Two days post-treatment you will receive a pelvic ultrasound to evaluate your bladder. Additionally, at 6 months post-treatment, you will undergo multiparametric MRI and MR- guided biopsy of the treated regions of the prostate even if your mpMRI shows no suspicious areas. Biopsy samples of the treated area will be sent for evaluation by a pathologist. At one year you will have mpMRI and surveys. We need your PSA at each follow-up interval.

After one year, you will undergo multiparametric MRI and submit surveys and questionnaires annually for 20 years to contribute to the evaluation of:

  • Rate of Biochemical Recurrence
  • Rate of Metastatic Disease
  • Date and Cause of Death

Possible Complications of the Procedure  

This procedure, regardless of complexity or time, may be associated with unforeseen problems. Problems may be immediate or even quite delayed in presentation. While we have discussed these and possibly others in your consultation, we would like you to have a list so that you may ask questions if you are still concerned. Aside from anesthesia complications, it is important that every patient be made aware of all possible outcomes which may include, but are not limited to:

  • Pain and/or discomfort: You may feel sensations of discomfort or heat after your procedure. Discomfort is rare and may be managed with acetaminophen. 
  • Excessive Bleeding from the Rectum/Anus: It is uncommon to require any treatment and the majority of the time bleeding stops on its own. This is far more common in patients with hemorrhoids or arterial bleeding. In the unusual circumstance that excessive bleeding occurs or a severe infection occurs this may require emergency room care and possible hospitalization. 
  • Infertility: By the time prostate cancer has been diagnosed and requires treatment, fertility status following treatment has become essentially irrelevant as reproductive issues have already been settled by most men. However, for some men who wish to consider fathering more children, fertility status following treatment for prostate cancer may be significant and relevant.  For those patients, it is important to note that while focal laser therapy may not substantially affect fertility (i.e. prostate cancer lesions located anteriorly within the prostate) making focal laser therapy in patients who wish to preserve fertility preferable compared with other treatment options which are less precise and therefore may compromise fertility, there are, nonetheless, certain situations where prostate cancer focal laser therapy may result in the destruction of one or both ejaculatory ducts which deliver semen for ejaculation and thus significantly reduce or entirely eliminate fertility.  Additionally, focal laser therapy of a prostate cancer lesion may result in retrograde ejaculation (ejaculation into the bladder rather than into the urethra for expulsion) resulting in infertility. Therefore, for those men who may wish to father children following focal laser therapy, we recommend banking of sperm PRIOR to focal laser therapy.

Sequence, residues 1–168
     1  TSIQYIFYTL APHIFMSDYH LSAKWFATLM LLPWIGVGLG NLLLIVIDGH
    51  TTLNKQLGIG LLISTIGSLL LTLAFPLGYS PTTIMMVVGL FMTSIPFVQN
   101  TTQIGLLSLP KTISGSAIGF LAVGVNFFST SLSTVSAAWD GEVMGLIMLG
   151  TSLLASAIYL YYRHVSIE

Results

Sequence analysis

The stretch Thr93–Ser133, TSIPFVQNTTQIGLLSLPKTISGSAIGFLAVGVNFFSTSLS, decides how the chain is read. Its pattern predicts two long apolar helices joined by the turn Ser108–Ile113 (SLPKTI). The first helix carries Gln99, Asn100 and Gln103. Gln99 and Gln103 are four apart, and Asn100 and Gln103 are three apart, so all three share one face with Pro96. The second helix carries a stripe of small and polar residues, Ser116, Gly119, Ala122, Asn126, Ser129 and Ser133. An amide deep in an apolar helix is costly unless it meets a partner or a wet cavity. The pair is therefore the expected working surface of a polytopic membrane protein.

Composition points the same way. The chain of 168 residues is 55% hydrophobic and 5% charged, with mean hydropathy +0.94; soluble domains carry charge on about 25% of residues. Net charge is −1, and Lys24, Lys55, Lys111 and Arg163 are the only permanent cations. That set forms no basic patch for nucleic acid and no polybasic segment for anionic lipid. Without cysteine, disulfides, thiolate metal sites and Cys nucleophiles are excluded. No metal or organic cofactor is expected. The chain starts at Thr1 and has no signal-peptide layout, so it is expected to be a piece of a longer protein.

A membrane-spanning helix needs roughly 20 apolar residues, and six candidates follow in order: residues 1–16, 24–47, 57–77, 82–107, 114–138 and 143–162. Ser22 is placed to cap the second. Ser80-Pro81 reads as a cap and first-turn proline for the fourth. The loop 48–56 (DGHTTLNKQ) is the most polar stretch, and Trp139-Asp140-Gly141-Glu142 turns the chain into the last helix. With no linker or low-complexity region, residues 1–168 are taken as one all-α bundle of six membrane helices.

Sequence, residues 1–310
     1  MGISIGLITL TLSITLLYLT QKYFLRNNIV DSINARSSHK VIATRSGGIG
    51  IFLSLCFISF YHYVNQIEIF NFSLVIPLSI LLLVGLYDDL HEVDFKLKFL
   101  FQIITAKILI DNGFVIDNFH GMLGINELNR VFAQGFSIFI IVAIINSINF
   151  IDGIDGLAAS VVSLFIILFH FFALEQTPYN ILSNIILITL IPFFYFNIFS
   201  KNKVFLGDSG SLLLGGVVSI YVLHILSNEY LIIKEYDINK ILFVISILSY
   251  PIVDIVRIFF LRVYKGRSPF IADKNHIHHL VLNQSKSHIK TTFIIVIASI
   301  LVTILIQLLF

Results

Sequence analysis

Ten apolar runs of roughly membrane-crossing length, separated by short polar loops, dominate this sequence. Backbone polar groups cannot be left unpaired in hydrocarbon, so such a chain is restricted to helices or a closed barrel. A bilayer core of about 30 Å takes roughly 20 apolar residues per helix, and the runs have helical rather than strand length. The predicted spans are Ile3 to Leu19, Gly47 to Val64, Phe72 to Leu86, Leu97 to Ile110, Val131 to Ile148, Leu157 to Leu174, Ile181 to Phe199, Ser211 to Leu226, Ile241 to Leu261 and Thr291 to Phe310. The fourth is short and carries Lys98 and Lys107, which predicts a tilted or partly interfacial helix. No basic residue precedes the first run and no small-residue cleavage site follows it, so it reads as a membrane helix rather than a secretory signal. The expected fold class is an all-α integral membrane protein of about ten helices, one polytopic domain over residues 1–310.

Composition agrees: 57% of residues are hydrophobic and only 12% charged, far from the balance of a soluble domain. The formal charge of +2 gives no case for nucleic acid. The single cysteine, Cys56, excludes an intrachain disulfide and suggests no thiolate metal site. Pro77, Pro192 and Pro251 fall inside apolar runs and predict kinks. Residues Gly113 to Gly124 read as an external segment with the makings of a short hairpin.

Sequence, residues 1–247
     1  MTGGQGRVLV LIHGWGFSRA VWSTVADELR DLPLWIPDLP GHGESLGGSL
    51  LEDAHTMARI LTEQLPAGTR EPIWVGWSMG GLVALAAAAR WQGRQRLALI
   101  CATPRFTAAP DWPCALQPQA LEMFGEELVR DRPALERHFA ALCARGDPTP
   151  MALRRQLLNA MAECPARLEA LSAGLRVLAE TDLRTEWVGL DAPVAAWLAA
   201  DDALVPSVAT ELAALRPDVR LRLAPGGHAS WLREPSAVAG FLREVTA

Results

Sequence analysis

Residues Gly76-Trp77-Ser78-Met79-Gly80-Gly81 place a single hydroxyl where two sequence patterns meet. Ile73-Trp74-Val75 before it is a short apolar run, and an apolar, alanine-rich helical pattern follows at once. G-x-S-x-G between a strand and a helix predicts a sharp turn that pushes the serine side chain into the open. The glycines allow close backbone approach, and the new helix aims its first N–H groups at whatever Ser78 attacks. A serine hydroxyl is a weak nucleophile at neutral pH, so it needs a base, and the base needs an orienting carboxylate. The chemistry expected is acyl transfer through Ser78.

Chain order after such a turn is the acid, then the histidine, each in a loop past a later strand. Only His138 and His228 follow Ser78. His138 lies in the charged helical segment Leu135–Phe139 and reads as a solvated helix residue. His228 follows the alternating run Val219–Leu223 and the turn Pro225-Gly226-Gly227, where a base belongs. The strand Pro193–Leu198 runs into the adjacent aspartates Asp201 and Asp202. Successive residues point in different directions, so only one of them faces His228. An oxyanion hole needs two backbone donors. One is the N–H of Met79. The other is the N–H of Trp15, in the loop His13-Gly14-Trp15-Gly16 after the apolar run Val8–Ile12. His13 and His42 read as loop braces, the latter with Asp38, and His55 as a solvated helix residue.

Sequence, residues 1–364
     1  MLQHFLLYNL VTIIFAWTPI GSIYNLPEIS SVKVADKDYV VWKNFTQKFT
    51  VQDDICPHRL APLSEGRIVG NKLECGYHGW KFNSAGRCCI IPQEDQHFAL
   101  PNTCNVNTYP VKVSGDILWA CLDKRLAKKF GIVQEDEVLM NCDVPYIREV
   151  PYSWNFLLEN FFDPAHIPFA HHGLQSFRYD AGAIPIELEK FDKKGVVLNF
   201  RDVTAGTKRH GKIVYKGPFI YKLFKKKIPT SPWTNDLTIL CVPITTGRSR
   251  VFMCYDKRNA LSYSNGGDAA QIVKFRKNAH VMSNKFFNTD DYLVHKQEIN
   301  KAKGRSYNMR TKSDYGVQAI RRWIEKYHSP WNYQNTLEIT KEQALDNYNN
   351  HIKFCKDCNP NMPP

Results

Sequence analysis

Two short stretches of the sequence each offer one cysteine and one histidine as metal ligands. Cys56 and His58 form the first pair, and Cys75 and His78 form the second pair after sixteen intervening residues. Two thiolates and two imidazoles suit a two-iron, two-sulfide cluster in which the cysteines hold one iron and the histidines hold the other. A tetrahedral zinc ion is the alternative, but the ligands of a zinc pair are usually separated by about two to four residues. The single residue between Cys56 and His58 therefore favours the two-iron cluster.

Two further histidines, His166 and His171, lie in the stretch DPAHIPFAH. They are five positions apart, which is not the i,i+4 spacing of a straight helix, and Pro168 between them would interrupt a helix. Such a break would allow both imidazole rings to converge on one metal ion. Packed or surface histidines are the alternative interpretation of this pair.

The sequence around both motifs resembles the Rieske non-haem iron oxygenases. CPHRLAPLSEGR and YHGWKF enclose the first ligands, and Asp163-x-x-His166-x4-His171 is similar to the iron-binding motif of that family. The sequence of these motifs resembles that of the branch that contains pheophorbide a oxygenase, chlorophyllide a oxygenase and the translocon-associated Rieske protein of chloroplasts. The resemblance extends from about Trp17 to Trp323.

• Blood Clots in the Urine: The device can enter the middle of the prostate where the urethra or the neck of the bladder are located and cause blood in the urine. If the bleeding is significant, it can cause clots that can block the urine flow. A urinary catheter will be inserted to avoid this problem.  
  •  It has been our experience that while the catheter might be uncomfortable it helps to avoid possible issues.  
  • Urinary Retention: Even in the absence of bleeding, the prostate can become swollen from the treatment or secondary to infection. This is another reason why post-procedure urinary catheter placement is important. Usually, the problem resolves with time after the swelling goes down. Patients at greater risk are those who already have difficulty urinating before the procedure due to BPH (Benign Prostatic Hyperplasia)